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(Gabriel Helfant / The McGill Tribune)

McGill outlines plan to reach Carbon neutrality by 2040

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On Dec. 1, McGill University launched its Climate and Sustainability Action Plan. As the product of the Vision 2020 Sustainability Strategy’s consultations with over 500 McGill community members, the Action Plan outlines two long-term goals for the university: Obtaining a Platinum Ranking from the Sustainability Tracking, Assessment and Rating System (STARS)—an organization that assigns institutions sustainability scores based on their environmental performance—by 2030, and achieving carbon-neutrality by 2040. Last year, McGill earned a Gold ranking from STARS for increasing its integration of sustainability in curriculum, research, dining services, and purchasing.

Beyond these primary goals are a multitude of more specific action items, like the promotion of sustainable modes of commuting through the introduction of a new bike centre, upgrading the heating, ventilation, and air conditioning (HVAC) and electrical systems in old buildings, and electrifying McGill’s fleet of vehicles. At the launch event, staff from the McGill Office of Sustainability outlined  McGill’s sustainability strategy for the coming years.

When strategizing the Action Plan, McGill Sustainability Director François Miller strove for pragmatism. He intends to provide students, faculty, and administrators with recommendations to inspire community involvement, which is crucial for ensuring the Plan’s success.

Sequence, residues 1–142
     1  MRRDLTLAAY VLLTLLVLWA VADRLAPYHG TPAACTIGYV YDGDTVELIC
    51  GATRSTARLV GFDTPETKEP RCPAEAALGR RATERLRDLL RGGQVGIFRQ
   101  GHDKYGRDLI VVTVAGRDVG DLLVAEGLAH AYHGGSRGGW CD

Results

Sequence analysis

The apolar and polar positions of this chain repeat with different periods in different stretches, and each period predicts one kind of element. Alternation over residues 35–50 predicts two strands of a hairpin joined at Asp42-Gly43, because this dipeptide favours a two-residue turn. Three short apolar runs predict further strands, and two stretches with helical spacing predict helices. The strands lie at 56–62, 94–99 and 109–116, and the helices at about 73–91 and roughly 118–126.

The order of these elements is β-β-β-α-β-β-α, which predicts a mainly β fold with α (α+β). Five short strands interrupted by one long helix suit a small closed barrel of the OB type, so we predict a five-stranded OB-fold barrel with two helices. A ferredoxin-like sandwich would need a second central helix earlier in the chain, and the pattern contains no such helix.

“We’re both serious and humble in what we are presenting in this Climate and Sustainability Action Plan,” Miller said. “These are not just dreamy ideals that we are putting there. We have a concrete action plan to achieve those long-term targets, but we are humble in the sense that we know this goes beyond what the Office of Sustainability can do. We need the involvement of the students and staff and faculty members in order to achieve these targets.”

Vision 2020 Coordinator Amelia Brinkerhoff hopes that students will be excited about the proposed changes, and continue acting to mitigate carbon emissions on McGill campuses.

“We’re going to have more green buildings on campus, a better waste system on a campus, a bike centre on campus,” Brinkerhoff said. “These are more immediate, visible things [but] I think the important thing to realize is that it is a long process. 2040 is 23 years away. I think this is about being aware that change takes some time, and that change management can be difficult.”

Post-Graduate Students’ Society (PGSS) Environment Commissioner Konstantina Chalastara sees her role in the Action Plan to be promoting small-scale sustainable practices among post-graduate students.

“What I will try to do is to show to graduate students that small things can make a big difference,” Chalastara said. “My goal for Vision 2020 is to promote [these small things]. It could be for your research, or how you travel. I think the main point here is that research and graduate studies have a big environmental impact. If you work in a lab, you have a lot of waste, so I’m trying to prove that you can recycle even in a lab.”

Brinkerhoff further hopes that McGill students will continue putting forth their own sustainability-related initiatives in the coming years.

“[The Action Plan is] for us, but it’s also for [students] as a learning experience,” Brinkerhoff said. “So they should feel some sense of ownership and some sense of implication, and that they are free to get involved and get in touch with [the McGill Office of Sustainability] if they have an idea. We have a lot of tools to help students who have ideas, so I hope that people do feel inspired to act, and to get more involved, and to learn from this system that is McGill.”

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